“We really focus on using anonymity to help spread awareness for people who maybe aren’t that ready to share their story publicly,” Cassie said. “I think there’s so much power that anonymity has to do good, and that’s what we try and use for [A Penny for your Intrusive Thoughts].” To preserve this anonymity, Cassie requested to be referred to only by her first name for this article.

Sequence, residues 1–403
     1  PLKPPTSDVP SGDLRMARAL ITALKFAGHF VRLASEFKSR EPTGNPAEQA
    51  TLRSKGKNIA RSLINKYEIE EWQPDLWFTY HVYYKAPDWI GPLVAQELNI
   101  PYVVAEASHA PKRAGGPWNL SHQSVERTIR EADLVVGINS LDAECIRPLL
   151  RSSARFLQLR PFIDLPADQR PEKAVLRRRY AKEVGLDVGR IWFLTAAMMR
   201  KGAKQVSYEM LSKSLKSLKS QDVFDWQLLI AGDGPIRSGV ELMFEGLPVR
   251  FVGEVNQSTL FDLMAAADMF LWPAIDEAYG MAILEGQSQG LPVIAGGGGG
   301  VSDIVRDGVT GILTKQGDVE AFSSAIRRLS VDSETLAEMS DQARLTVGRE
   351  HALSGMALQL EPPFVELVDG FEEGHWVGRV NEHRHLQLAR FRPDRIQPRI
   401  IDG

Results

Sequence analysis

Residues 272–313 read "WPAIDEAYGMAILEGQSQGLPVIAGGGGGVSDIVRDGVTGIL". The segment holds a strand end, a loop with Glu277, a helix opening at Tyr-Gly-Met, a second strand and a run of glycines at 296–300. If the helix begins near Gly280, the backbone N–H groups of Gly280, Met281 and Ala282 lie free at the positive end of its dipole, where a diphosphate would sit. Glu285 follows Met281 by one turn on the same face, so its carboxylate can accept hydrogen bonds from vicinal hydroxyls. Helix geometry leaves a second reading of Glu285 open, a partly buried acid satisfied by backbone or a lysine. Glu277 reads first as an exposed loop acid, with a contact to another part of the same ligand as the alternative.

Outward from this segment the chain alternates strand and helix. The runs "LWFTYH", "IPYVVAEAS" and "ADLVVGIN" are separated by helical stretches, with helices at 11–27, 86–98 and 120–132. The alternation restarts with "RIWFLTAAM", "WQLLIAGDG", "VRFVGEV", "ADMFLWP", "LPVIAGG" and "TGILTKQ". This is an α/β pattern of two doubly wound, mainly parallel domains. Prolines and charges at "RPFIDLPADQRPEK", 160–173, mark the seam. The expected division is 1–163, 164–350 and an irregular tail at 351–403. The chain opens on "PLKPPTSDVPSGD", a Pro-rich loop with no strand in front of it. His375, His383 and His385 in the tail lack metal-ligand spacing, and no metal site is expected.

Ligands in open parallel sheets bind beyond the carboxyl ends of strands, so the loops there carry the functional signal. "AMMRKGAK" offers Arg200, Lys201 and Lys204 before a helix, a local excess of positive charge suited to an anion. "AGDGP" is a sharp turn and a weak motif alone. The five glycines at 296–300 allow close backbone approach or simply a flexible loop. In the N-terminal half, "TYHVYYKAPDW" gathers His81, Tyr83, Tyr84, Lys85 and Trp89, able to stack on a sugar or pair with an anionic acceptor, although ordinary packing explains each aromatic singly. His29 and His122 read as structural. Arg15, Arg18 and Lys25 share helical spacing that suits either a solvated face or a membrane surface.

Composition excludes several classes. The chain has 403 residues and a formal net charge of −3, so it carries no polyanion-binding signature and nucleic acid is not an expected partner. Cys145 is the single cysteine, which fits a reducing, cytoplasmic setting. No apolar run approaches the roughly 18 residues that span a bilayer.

Self-diagnosing OCD (if you clearly have no verified symptoms) not only invalidates the experiences of people with intrusive thoughts, but it can also make it harder for OCD sufferers to get diagnosed. If someone who believes that OCD is a cute cleaning or organization quirk begins to suffer from bizarre thoughts that make them feel like a bad person, then it will likely take them much longer to get a legitimate medical diagnosis. This can also cause a delay in treatment, which is almost always necessary for OCD. With medication and Exposure and Response Prevention therapy (ERP) —a form of therapy that addresses  the fears of an OCD patient and helps them  deal with obsessions and delay compulsions,— OCD can be managed and sufferers can learn to live with obsessions without feeling like something will happen if a compulsion is not completed. Without a diagnosis, however, it may not be possible to get the help needed to live a successful life while battling OCD. Megan Moyer, a school psychologist at Franklin, stressed how important it is for students to reach out if they think they may be suffering from a disorder. “If you are concerned, you should ask for help from an adult and they can get you the help that you might need,” she said.